Hiram Evans, a head of the Klan, admitted in a rare interview in 1923 that “There has been a widespread feeling among Klansmen that in the last few years the operation of the National Government has shown weakness indicating a possible need of rather fundamental reform.” A 1923 letter to the editor of The New Republic details this awareness of the need for deep-seated changes. Written by an opponent of the Klan, the passage expresses “The Why of the Klan”:
“First: Throughout all classes there is a growing skepticism of democracy, especially of the current American brand. Many Americans believe there is little even-handed justice administered in the courts; that a poor man has little chance against a rich one; that many judges practically buy their places on the bench or are put there by powerful interests. The strong, able young man comes out of college ready to do his part in politics, but with the settled conviction that unless he can give full time there is no use ‘bucking up against the machine.’ Furthermore he believes the machines to be equally corrupt. The miner in West Virginia sees the power of the state enlisted on the side of the mine owner.”
Throughout the literature there is a strongly prevailing tendency to deal with the social composition of Klan membership by ignoring it altogether, or, more commonly, by referring to it in passing as “middle class.” This approach enabled John Mecklin, whose The Ku Klux Klan: A Study of the American Mind (1924) is regarded as a classic, to say that “The average Klansman is far more in sympathy with capital than with labor.”In large part this stems from looking at the top Klan officials, rather than at the rank and file members. William Simmons, D.C. Stephenson, and Hiram Evans, the men who presided over the Klan in the ’20s had been, respectively, a minister, a coal dealer, and a dentist. But the membership defi- nitely did not share this wholly “middle class” makeup.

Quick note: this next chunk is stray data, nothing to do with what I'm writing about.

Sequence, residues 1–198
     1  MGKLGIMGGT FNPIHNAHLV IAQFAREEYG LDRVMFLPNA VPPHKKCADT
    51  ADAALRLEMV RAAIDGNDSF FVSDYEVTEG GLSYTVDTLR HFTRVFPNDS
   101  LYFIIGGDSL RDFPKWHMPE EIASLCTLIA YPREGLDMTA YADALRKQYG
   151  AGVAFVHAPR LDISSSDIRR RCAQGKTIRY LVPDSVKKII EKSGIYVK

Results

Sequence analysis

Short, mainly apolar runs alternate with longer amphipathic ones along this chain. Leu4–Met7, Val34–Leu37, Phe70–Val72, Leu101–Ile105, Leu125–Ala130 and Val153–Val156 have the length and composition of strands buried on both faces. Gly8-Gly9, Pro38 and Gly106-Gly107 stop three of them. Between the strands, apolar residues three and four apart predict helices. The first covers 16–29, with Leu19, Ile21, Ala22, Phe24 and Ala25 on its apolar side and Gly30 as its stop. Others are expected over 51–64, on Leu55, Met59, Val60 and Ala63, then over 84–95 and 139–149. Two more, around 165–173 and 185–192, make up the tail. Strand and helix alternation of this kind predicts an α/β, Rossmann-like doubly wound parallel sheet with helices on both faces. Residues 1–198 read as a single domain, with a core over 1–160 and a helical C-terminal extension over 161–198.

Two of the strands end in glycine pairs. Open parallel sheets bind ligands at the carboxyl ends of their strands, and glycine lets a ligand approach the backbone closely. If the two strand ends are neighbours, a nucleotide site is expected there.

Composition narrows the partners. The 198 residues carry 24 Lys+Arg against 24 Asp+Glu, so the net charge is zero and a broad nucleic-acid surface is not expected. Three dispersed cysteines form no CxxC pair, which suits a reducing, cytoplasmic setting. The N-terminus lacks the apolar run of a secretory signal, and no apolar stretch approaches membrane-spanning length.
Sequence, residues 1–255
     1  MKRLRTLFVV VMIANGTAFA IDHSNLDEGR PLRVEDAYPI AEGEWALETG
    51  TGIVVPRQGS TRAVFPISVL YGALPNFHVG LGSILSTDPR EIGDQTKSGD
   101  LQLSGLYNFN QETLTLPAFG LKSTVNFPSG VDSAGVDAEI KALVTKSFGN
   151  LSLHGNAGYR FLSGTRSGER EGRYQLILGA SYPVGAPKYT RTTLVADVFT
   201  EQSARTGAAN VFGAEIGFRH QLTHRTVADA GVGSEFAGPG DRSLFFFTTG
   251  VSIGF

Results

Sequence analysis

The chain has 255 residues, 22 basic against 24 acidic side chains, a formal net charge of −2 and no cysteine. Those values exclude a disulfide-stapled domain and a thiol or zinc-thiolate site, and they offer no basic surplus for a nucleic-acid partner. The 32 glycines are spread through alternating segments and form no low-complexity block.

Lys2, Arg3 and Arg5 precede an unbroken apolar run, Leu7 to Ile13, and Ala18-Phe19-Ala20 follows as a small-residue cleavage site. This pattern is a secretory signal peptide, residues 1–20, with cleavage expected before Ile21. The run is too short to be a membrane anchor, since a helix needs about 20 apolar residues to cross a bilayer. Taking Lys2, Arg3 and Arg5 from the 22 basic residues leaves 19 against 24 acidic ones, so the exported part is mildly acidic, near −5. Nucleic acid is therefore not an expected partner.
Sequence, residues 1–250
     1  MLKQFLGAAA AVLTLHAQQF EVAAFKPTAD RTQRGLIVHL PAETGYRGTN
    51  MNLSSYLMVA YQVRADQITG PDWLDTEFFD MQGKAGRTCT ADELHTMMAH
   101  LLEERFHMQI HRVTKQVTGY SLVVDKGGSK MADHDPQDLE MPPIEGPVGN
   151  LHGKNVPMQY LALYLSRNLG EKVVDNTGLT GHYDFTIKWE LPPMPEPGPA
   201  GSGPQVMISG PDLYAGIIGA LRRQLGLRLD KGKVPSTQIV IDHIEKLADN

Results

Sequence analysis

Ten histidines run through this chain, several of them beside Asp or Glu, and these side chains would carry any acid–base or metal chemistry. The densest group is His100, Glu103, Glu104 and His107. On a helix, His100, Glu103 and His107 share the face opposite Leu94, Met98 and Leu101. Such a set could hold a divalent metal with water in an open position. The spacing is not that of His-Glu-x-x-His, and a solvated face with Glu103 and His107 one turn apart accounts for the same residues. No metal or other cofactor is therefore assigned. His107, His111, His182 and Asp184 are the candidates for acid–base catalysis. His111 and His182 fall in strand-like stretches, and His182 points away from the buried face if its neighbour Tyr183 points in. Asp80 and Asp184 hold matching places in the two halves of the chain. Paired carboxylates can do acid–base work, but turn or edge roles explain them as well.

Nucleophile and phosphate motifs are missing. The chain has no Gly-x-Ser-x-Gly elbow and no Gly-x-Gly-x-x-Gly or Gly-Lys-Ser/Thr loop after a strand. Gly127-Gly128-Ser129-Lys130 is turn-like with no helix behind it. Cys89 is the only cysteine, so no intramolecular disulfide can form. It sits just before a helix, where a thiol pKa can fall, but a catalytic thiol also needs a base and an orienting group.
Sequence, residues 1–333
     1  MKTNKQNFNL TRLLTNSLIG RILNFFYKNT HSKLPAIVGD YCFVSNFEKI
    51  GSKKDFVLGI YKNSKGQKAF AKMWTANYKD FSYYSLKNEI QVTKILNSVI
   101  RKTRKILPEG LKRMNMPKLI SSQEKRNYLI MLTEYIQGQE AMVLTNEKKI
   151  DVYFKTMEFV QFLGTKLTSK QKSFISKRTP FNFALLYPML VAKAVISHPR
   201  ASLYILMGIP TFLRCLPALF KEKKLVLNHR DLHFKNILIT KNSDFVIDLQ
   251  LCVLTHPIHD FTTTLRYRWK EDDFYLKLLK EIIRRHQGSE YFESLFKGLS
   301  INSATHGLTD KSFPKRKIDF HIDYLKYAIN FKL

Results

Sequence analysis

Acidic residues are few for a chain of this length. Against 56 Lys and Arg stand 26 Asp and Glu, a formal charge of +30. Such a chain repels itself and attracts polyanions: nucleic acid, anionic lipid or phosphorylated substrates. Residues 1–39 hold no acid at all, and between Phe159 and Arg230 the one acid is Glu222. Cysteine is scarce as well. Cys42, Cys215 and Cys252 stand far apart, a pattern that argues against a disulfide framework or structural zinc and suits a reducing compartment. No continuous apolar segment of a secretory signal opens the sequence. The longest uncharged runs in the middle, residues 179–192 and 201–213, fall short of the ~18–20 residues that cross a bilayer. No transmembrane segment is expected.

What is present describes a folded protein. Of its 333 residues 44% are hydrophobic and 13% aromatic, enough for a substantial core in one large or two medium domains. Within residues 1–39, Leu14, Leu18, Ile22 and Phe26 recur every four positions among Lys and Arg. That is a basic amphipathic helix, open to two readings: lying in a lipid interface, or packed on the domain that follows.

Kenneth Jackson only partially avoids the error by terming the Klan a “lower middle-class movement,” a vague appellation which he corrects shortly thereafter: “The greatest source of Klan support came from rank and file non-union, blue-collar employees of large businesses and factories.”
Returning to the subject of socio-political attitudes of Klan members, available evidence strikingly confirms my contention of a sometimes quite radical frame of mind. In the spring of 1924, The Outlook magazine conducted a “Platform of the People” poll by mail. When it was found that an organizational request for ten thousand ballots came from the New Jersey and Pennsylvania Ku Klux Klan, pink ballots were supplied so that they could be separately tabulated. To quote the article, “Pink Ballots for the Ku Klux Klan”: “The ballots returned all came from towns and small cities in New Jersey and Pennsylvania. Of the total of 1,139 voters, 490 listed themselves as Republicans, only 97 as Democrats, and 552 as Independents. Among them are 243 women.” Approximately two-thirds (over 700) responded regarding their occupations. “The largest single group (209) is that of skilled workmen; the next (115) is of laborers.” The rest includes workers (e.g. “railway men”) and farmers, plus a scattering of professionals and merchants. The women who listed their occupations were mainly housewives.
Despite the generally high percentages of abstention on most of the issues, the results on the following selected topics show clearly radical leanings:
|“Compulsory freight reduction”||30||77||3|
|“Nationalization of the railroads with cooperative administration by workers, shippers, and public”||24||72||4|
|“Federal Aid for Farmers” Co-operatives”||30||68||2|
|“Federal purchase of wheat”||20||68||2|
|“Price fixing of staple farm products”||23||75||5|
|“Further extension of farm credit”||32||67||1|
|“Equal social, legal, and industrial rights for women”||41||56||3|
|“Amendment enabling Congress to prevent exploitation of children in industry”||45||54||1|
|“Federal Anti-Lynching Law”||38||60||2|
|“Establish Federal Employment Bureau”||37||60||3|
|“Extension of principle of Federal aid for education”||91||9||0|
|“Abolition of injunctions in labor disputes”||20||73||7|
|“Nationalization, and democratic administration by technicians, workers, and consumers, of coal mines”||23||72||5|
|“Government control and distribution of high-power transmission”||33||64||3|